However, when people have a smaller amount of income available, they tend to buy more generic brands and less name brands (Joy), or they may find substitutes for cereal (Topher). Therefore, companies have some control over the cereal industry, but there are substitutes so that consumers can always find something else for breakfast other than cereal. The cereal manufacturing industry is composed of a small number of firms that produce differentiated products. Entry barriers exist for firms wanting to enter the market. The different firms in the cereal industry differentiate their products in order to compete with the other firms in the industry. This analysis of the cereal manufacturing industry shows that this industry is an oligopoly.
Bibliography Joy, Richard. Foods & Nonalcoholic Beverages. Industry Survey. New York: Standard & Poor's, 2002. Lazich, Robert S. , ed.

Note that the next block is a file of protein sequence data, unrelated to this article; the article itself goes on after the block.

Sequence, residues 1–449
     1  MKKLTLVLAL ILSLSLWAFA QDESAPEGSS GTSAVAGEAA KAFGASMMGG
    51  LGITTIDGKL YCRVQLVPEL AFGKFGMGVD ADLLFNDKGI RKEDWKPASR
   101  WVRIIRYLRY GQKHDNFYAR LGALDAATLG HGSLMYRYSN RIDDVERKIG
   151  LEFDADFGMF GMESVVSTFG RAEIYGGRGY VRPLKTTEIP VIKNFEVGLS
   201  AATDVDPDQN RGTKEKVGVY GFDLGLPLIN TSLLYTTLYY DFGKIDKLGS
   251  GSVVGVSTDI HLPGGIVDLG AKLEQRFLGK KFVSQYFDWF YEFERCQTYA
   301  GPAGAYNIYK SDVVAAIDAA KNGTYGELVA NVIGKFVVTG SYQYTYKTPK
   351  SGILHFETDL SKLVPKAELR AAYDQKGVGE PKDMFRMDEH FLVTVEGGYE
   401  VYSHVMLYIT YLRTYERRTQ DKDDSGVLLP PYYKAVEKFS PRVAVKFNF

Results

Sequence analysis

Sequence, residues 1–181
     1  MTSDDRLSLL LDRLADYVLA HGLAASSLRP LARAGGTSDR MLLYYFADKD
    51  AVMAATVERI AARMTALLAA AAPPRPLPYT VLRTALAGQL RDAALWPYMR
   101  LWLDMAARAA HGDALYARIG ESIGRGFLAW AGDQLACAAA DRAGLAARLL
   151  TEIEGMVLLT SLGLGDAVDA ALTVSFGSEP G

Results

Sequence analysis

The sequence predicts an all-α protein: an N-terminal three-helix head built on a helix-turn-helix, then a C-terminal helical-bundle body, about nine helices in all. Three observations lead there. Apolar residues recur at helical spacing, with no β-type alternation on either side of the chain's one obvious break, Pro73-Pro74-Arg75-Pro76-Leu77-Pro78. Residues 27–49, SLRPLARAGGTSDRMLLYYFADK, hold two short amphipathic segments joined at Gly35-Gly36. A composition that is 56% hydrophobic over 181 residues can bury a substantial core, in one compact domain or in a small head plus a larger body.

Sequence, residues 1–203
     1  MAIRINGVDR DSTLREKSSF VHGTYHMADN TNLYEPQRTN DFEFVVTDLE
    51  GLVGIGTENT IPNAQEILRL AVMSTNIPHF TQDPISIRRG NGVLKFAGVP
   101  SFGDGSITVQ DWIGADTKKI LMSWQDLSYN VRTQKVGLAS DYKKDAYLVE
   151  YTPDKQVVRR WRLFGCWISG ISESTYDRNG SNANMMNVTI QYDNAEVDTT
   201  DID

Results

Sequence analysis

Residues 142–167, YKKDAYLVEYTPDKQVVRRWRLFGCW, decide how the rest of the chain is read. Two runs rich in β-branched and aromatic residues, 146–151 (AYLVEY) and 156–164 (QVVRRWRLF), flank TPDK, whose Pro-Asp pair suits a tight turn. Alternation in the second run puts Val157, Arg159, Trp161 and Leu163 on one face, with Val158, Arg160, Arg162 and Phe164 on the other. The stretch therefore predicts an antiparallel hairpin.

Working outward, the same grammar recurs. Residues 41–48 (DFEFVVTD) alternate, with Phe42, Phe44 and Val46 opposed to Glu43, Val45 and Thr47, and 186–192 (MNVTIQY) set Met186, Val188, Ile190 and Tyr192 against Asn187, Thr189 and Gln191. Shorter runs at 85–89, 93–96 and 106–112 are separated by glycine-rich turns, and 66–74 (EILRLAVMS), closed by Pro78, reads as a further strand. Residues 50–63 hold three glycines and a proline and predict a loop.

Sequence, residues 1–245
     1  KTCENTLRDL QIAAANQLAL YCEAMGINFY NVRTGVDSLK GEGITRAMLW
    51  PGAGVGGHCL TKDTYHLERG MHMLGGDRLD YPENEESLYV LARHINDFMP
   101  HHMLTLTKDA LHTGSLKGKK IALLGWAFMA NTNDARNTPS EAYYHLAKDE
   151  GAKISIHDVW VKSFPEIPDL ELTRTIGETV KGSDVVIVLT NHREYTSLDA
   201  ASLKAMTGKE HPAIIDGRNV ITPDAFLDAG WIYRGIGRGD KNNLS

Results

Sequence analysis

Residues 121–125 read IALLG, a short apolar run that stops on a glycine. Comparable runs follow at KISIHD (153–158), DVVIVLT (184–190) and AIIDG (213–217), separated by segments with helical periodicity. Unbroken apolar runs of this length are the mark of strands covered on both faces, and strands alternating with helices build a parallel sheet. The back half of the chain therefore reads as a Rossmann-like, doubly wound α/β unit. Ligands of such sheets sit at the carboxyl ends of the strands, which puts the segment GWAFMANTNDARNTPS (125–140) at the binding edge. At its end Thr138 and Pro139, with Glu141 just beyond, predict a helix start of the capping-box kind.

Market Share Reporter: An Annual Compilation of Reported Market Share Data on Companies, Products, and Services. Gale Group, 2002. Reyes, Sonia. "Kellogg Pours $50 M into Fruit Harvest." Brand week. 4 Nov. 2002: 4.
EBSCOhost. 12 April 2003 web ug = des+1%2 C%2 C 14+ln+en%2 Dus+sid+AB 30057 D%2 DA 6 EB&2 D 2 BF 7%2 D 9 F 44%D 63 D 0 DF 3 F 9 F 24%40 Session mgr 6+149 F& us = bs+TI++Kellogg+ds+TI++Kellogg+dst b+ES+fh+0+hd+0+hs+0+or+Date+ri+KAA ACB 4 A 00193720+sm+ES+ss+SO+E 889&cf = 1&fn = 11&rn = 12&. Topher. "Topher's Breakfast Cereal Character Guide: Analysis of the Cereal Industry." 1998. St.
Norbert College. 12 April 2003 web.